One who is willing to buy in large quantities can usually save money. A 39-cent can of food might be offered at 3-for-\$1. A \$1 golf ball might be available at \$10 a dozen.

Occasionally, however, a consumer encounters the reverse of this pattern. One-pound jars of a product - let's call it Mrs. Milford's Melted Muffins - are priced at \$1. Alongside them on the same shelf are 2-pound jars of the same Mrs. Milford's Melted Muffins priced at \$2.29. The unit price is higher, not lower, for the quantity buyer.

Consumers who ask the manager whether this isn't a mistake are almost always told no, that's the way the home office wants them priced. "The manufacturer is running a special on the small size."

Why? Good question.

Factory representatives have "explained" it to me by saying things like, "Well, that size wasn't selling well, so we decided to increase the sales volume on it."

There is much less to such a statement than meets the eye. It has the form of an explanation but it covers up more than it explains.

If the 1-pound size is normally priced at \$1.50 and the 2-pound size is normally priced at \$2.29, there's no mystery about the unpopularity of the small size. Two 1-pound jars cost \$3, one 2-pound jars costs \$2.29. Anybody who takes the time and trouble to read the small print knows that the large, economy size is the better buy.

However, the manufacturer would rather sell his product at \$1.50 a pound than at \$1.14 1/2. So it is to his advantage to get people into the habit of buying the small size.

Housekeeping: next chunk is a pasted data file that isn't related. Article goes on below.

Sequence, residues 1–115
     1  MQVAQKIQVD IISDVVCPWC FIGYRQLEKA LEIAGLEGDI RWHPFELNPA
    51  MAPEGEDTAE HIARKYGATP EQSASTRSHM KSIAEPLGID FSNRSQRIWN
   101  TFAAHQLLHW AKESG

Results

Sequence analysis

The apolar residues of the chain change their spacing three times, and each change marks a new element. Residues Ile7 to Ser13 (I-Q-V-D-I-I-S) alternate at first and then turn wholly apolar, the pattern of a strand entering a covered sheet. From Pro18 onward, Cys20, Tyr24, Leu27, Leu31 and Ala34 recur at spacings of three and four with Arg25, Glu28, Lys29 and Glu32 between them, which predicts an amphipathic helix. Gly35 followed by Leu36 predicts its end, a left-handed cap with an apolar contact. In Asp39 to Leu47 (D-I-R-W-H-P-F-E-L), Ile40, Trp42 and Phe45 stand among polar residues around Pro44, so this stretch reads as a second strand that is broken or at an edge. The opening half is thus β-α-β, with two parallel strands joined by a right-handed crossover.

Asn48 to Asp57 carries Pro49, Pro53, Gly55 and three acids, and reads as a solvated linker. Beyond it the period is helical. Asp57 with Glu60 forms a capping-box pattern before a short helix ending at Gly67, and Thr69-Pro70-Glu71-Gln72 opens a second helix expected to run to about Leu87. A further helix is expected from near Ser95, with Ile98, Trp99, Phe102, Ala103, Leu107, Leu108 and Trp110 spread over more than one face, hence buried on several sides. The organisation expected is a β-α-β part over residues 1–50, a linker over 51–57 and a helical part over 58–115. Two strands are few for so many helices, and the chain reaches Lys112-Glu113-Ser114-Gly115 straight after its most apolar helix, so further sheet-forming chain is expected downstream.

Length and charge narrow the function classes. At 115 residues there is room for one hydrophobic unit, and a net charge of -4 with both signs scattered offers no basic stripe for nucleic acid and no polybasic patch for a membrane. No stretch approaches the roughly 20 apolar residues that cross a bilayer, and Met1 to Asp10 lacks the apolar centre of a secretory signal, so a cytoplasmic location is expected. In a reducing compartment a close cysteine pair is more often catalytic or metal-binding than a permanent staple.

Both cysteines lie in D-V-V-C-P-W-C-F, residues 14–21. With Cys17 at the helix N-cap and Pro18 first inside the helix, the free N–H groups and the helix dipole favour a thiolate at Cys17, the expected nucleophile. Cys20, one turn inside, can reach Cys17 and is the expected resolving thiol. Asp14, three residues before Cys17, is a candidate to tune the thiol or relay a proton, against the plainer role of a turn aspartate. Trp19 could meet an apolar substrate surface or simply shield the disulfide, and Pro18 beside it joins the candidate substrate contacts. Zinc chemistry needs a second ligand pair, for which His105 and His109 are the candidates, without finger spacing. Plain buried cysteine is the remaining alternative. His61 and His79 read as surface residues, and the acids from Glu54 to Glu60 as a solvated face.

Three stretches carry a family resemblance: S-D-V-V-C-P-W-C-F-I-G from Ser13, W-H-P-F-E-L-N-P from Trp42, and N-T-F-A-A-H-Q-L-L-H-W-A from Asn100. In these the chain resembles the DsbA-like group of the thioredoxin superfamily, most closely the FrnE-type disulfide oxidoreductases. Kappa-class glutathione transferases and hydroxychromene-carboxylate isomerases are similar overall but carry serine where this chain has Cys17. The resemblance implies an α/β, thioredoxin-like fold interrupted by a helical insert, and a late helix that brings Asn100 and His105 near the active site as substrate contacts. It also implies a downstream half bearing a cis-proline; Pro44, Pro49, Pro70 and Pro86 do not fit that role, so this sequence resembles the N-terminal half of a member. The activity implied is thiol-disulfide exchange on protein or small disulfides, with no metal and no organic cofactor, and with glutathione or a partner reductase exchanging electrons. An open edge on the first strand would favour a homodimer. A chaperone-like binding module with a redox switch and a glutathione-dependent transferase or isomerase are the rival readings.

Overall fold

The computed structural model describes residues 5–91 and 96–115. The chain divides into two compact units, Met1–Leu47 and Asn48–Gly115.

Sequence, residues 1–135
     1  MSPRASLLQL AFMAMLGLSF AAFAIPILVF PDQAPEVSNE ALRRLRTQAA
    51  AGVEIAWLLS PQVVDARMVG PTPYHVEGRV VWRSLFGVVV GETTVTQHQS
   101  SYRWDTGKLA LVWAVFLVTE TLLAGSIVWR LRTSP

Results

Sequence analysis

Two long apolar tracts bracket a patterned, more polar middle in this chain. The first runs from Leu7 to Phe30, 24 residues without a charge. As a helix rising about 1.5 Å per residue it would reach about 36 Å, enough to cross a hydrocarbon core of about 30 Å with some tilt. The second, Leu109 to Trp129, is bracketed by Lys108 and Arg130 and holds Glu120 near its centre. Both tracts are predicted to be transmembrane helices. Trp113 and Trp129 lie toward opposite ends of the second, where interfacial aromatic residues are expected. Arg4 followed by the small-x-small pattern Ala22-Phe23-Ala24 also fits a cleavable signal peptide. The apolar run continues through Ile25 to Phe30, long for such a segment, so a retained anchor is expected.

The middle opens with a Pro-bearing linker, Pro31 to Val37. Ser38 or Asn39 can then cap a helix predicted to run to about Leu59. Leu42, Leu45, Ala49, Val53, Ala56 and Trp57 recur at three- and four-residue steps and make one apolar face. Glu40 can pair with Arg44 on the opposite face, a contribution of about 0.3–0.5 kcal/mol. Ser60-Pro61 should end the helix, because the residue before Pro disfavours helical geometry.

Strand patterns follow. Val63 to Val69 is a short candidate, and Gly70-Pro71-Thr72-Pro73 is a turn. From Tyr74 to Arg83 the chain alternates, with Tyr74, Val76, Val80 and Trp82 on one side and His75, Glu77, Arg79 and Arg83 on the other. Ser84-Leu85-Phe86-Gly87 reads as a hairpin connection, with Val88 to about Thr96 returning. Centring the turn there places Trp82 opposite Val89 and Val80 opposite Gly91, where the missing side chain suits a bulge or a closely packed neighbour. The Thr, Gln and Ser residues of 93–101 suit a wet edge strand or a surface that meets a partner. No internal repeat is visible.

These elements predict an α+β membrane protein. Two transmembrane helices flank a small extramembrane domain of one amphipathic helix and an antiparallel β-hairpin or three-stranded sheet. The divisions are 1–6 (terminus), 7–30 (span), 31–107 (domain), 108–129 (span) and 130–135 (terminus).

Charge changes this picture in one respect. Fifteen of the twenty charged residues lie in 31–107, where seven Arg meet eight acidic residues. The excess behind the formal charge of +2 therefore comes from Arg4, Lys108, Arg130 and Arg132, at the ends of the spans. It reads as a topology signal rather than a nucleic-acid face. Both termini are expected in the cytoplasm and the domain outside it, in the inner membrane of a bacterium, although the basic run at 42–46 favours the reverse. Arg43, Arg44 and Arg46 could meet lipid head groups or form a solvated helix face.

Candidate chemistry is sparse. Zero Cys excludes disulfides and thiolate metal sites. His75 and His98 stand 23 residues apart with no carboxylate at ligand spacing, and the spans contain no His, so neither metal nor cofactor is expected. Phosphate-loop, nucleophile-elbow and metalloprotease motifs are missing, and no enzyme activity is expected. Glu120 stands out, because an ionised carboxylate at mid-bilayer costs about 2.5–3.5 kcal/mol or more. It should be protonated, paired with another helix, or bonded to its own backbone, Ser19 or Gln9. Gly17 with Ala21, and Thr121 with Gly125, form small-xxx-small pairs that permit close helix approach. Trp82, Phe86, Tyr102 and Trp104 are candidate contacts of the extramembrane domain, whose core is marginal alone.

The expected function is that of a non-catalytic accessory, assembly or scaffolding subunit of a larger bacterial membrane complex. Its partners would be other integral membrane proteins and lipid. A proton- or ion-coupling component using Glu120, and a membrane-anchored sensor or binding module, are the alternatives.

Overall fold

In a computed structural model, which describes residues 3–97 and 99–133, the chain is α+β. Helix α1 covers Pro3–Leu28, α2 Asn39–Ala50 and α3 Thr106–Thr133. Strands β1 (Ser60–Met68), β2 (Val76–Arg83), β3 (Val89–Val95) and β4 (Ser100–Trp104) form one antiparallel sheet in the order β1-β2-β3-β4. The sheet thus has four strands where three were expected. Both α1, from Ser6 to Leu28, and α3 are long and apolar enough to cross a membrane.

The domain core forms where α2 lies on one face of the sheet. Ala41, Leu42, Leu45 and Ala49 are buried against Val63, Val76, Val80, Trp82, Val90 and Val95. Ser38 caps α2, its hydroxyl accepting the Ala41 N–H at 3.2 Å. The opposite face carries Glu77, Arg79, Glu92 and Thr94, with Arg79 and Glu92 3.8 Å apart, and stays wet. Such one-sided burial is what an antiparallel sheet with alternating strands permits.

One way to do this is to reduce - temporarily - the price of the small size. Then, when the consumer has become accustomed to thinking small, the "special" can be withdrawn and the price of the small jar can be returned to its normal level. Meanwhile the 2-pound jar, which is no longer an economy size when the 1-pound jar sells for \$1, is left on the shelf to ensnare the shopper who doesn't have his wits about him.

From time to time, under the heading "Bargain Day," I publish reports about small sizes that cost less per unit than large sizes. You might think that manufacturers would be embarrassed when such items appear, and some are. But others become irate at my failure to understand their "explanation" about the need to increase sales volume on certain sizes.

"I'm delighted that you are in a position to lower prices," I say to them. "But why don't you lower the price on the larger size in the same proportion, and increase the sales volume on that one, too?"

"You just don't understand anything about merchandising," came the testy reply the last time I went through this with a food company official. And my response to him took the form of a question: "Tell me, friend, what's your line of business - selling sizes or selling food?"

I doubt that I changed his position and I know he didn't change mine.

BARGAIN DAY

Verona Z. Ruhl of Silver Spring reports that when she checked her coat at the International Inn recently, she was greeted with a sign that said:

One coat, 35 cents. Two coats, 75 cents." Four for \$1.80, perhaps?

For your information, Verona, tipping has been turned into a compulsory fee of 50 cents at many establishments. As a result, one who parks in a hotel garage in the evening will now see men step out of their cars in evening dress. No sign of a hat or coat. Where parked cars can be locked, they lock their wraps in their cars. Where cars can't be locked, they leave their wraps at home and depend on the car's heater.

THESE MODERN TIMES

I bought a battery charger at Best products the other day. I paid \$1.97 for it. Enclosed with the charger was a manufacturer's rebate coupon worth \$2. So I will get back more than I paid. Apparently this is some more smart merchandising that's too complicated for me to understand.

We used to consider it a difficult feat to make money; spending was fun. Today it's a lot easier to make a dollar, but spending it prudently takes brains, diligence and stamina.

If you doubt what I say, just watch a housewife sort through 200 coupons before she leaves for the supermarket. It's enough to try the patience of a saint, yet if you don't use the coupons you're throwing your money away. What a system! Why can't they just lower prices by saving the expense of coupons and rebates?